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Help:Change conflict

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This article deals with the unintentional technical concept. For deliberate conflicts, see Wikipedia:Edit war.
The template for Change conflict is Template:Cc.

This page is about change conflicts, and what to do when they happen. To know how change conflicts happen and what they are, think about what will happen when:

  • A user named Alice clicks "Change this page" on a page.
  • Another user named Bob clicks "Change this page" on the same page while Alice is still changing the page.
  • Alice finishes her changes and clicks "Save page". The page is saved with Alice's changes while Bob is still changing the page.
  • Bob finishes his changes and clicks "Save page". Bob gets a page showing a "change conflict".

Layout of the change conflict page

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At the top of the change conflict page is a box containing Alice's version of the whole page, even if Bob is only changing a section of the page.

At the bottom of the page showing the change conflict is a second box containing the text Bob was going to submit. This will be Bob's version of the page or section he was changing.

Between the two boxes is a diff that show the difference between Alice's and Bob's version of the article. For the section Bob is changing it shows Bob's changes and Alice's possible changes, except for sections where Bob and Alice have both made the same change. For the other sections it shows the full new text as if all that text was added.

Bob can change in the upper box and press Save. In the case Bob was changing only a section, this will be interpreted as the new version of the section, hence produce duplication of the other sections, unless Bob deletes them before saving. (This seems to be a bug.) The best solution in this case is to save your new text (e.g., to the clipboard), cancel out, then try again.

At certain times when pressing Save and the system is slow, one may be able to make multiple changes to the same page before the system responds. This produces a change conflict with oneself. In this case the upper text may be the old version instead of the one involving the first change, i.e., the system notices the earlier change but has not processed it yet. A moment later, while one is viewing the change conflict page, the first change is carried out in the background, and the upper text no longer is the current one. Hence, the diff shows the combined changes, and in the case of section changing, like before, the "addition" of the other sections. If you choose to save your work in this type of change conflict, it will result in the removal of your previous changing from the page.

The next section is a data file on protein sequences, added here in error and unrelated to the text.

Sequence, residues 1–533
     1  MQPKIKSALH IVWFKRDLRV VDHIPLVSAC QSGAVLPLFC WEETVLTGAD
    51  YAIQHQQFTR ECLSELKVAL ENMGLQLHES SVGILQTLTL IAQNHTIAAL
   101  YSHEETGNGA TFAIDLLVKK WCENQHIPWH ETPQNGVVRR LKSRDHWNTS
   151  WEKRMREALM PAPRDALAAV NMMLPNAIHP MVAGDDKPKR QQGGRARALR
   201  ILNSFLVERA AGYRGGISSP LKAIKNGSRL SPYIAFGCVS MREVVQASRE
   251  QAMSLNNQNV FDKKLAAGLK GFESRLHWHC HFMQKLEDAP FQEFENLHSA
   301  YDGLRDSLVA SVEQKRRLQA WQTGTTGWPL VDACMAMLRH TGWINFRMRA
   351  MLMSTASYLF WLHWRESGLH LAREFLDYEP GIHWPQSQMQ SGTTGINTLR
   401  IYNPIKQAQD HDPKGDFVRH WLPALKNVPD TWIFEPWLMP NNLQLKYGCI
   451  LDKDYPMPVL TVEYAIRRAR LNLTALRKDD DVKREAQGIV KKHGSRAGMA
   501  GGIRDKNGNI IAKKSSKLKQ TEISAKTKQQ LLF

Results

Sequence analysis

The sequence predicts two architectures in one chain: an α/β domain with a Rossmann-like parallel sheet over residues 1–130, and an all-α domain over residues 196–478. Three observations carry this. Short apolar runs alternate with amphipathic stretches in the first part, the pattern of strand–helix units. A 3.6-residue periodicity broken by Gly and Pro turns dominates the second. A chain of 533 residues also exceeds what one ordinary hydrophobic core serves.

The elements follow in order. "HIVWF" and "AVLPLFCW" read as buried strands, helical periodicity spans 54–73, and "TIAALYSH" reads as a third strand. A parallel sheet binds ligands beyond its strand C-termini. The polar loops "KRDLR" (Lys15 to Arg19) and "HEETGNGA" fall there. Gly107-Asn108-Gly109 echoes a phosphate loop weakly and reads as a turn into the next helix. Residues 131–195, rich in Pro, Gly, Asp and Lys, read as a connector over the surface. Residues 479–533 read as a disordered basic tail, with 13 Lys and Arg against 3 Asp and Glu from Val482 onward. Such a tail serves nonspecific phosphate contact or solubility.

Resolving a change conflict

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If Bob only made small changes, and Alice made large changes, he may choose to work from Alice's version, and re-merge his changes in. Bob might choose to add some text like "by change conflict" to the change summary, or use template {{change conflict}} on a Discussion/Talk page, to warn Alice and others that he had to do this – Alice can then peer review his merging for accuracy.

If Bob made large changes, and Alice made small changes, he may choose to work from his version. One choice is for Bob to copy the bottom text into the top text (or just copy over the one section of the top text, if Bob was changing a section), with an appropriate change summary (for example, "via change conflict, will remerge"). Then Bob can view the page history, determine Alice's changes, and re-apply them to his version, in a separate change.

If both Alice and Bob made large changes, matters become complicated, and Alice and Bob just have to do the best they can. For example, if both Alice and Bob add a large section of text on the same subject at the same time, then it may be best for Bob to submit his changes, and then for Alice and Bob to both have a look at the two versions and decide between themselves which version is better.

Bob should not just post his changes over the top of Alice's. We assume good faith – mistakes are occasionally made, and newcomers may not understand the change conflict window. However, Bob must not routinely ignore change conflicts. It is absolutely not acceptable for Bob to overwrite Alice out of laziness. We encourage contributors to double-check their merges by using the diff feature.